The Political Consequences of Intergenerational Inequality in Greece

Hosted by the Hellenic Observatory

CaƱada Blanch Room COW 1.11 Cowdray House


Dr Spyros Kosmidis

Dr Spyros Kosmidis


Professor Kevin Featherstone

Professor Kevin Featherstone

The recent crisis in Greece revealed a large discrepancy between the wealth of younger compared to their parents’ generations. We argued that intergenerational inequality induces feelings of social deprivation and encourages attitudes such as victimhood. In this paper, we analyzed the attitudinal and political consequences of this pattern in Greece particularly with respect to how this phenomenon influences the way Greeks evaluate political institutions, elites and political parties. We drew our conclusions from an original survey experiment conducted in Greece.

Dr Spyros Kosmidis is a Departmental Lecturer at Oxford University. He studies public opinion, accountability and political representation and his work has been published in journals such as the American Journal of Political Science, Comparative Political Studies, the European Journal of Political Research, Electoral Studies and Party Politics.

Professor Kevin Featherstone is Eleftherios Venizelos Professor of Contemporary Greek Studies and Professor of European Politics. He is the Director of the Hellenic Observatory and Co-Chair of LSEE: Research on South-East Europe within the European Institute. He has held visiting positions at the University of Minnesota; New York University; and Harvard University.  Before LSE, he held academic posts at the universities of Stirling and Bradford.  In 2009-10 he served on an advisory committee to Prime Minister George Papandreou for the reform of the Greek government.  He was the first foreign member of the National Council for Research and Technology (ESET) in Greece, serving from 2010-2013.  He is Vice-Chair of the Academic Council of 'Atomium Culture', Brussels, a not-for-profit promoting collaboration within the European Research Area.  In 2013 he was made ‘Commander: Order of the Phoenix’ by the President of the Hellenic Republic.  In 2014, the European Parliament selected one of his books (co-authored with Kenneth Dyson) as one of its ‘100 Books on Europe to Remember’. He has contributed regularly to ‘Kathimerini’.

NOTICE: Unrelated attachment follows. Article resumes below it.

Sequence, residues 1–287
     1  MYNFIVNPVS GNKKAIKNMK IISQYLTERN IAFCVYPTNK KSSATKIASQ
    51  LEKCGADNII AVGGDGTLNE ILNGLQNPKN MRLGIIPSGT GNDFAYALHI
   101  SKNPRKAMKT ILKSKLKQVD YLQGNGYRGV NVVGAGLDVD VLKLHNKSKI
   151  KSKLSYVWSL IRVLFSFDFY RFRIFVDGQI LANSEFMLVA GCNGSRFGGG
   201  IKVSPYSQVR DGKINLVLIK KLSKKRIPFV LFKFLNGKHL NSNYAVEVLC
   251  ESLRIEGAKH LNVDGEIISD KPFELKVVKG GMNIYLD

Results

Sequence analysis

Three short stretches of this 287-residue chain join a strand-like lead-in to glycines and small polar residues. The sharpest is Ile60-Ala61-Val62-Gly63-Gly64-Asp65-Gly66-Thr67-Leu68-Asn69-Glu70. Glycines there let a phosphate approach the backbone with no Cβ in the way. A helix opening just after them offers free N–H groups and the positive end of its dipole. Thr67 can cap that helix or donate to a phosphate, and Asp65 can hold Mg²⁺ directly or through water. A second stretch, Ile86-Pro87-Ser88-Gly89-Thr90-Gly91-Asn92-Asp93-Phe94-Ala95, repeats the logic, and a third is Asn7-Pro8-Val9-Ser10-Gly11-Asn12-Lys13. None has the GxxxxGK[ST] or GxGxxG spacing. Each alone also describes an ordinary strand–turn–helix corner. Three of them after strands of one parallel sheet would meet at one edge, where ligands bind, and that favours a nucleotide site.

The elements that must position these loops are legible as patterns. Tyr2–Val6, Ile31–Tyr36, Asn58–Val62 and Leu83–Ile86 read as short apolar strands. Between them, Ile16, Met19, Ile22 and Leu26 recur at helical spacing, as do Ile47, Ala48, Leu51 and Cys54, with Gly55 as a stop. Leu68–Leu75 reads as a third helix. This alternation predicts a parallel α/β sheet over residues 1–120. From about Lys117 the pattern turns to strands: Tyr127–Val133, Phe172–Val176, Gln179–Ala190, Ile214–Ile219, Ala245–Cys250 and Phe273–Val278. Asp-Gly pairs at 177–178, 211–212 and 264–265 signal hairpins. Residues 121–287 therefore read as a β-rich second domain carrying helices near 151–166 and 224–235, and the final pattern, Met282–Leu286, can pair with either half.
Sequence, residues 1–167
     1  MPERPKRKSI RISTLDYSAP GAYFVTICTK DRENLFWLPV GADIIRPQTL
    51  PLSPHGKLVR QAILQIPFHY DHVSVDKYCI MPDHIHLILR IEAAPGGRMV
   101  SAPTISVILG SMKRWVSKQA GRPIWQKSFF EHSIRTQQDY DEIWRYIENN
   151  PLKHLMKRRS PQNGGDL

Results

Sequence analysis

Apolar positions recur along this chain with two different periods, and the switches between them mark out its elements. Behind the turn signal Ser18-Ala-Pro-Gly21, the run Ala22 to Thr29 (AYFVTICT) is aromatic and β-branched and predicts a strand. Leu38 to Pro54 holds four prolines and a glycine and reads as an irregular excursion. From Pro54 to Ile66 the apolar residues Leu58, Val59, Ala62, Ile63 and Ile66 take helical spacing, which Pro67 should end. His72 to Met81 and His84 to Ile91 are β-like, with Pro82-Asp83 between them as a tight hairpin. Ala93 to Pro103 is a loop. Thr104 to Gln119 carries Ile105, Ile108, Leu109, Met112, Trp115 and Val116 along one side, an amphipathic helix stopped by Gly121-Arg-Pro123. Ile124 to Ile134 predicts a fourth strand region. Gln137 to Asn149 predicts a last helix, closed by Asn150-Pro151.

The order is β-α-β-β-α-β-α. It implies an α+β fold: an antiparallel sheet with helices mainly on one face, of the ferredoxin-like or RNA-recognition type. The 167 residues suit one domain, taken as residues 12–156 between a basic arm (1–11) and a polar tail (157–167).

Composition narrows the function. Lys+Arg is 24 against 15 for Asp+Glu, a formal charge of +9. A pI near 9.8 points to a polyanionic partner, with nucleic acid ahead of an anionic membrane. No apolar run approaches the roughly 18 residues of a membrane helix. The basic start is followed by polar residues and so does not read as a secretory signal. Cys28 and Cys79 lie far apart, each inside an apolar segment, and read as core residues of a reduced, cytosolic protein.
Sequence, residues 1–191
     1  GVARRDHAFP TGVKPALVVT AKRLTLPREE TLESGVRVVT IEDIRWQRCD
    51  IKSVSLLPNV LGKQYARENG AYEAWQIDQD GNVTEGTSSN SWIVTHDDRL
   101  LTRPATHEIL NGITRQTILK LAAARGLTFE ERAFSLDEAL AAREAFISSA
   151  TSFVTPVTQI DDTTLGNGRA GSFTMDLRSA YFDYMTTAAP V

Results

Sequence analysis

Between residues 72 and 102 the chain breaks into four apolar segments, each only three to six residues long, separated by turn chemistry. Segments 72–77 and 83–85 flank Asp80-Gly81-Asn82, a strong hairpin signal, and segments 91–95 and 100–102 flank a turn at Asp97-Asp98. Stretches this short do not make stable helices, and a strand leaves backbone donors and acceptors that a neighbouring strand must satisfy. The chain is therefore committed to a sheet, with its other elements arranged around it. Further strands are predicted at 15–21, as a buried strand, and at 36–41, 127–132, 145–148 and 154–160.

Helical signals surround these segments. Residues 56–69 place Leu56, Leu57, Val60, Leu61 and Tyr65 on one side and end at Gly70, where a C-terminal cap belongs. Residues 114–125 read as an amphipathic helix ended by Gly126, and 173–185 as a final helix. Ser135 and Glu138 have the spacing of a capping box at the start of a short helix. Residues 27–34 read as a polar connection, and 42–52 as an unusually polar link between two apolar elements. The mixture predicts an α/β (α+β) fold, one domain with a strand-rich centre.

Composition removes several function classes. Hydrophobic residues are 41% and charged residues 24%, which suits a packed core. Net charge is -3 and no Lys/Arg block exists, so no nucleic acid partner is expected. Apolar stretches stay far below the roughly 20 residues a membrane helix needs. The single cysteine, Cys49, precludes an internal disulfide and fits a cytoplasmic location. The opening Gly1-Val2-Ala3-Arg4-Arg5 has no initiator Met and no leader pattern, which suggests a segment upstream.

View some photos of the seminar here.

Listen to the podcast here.

View the slides here

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The Hellenic Observatory  (@HO_LSE)  is internationally recognised as one of the premier research centres on contemporary Greece and Cyprus. It engages in a range of activities, including developing and supporting academic and policy-related research; organisation of conferences, seminars and workshops; academic exchange through visiting fellowships and internships; as well as teaching at the graduate level through LSE's European Institute.


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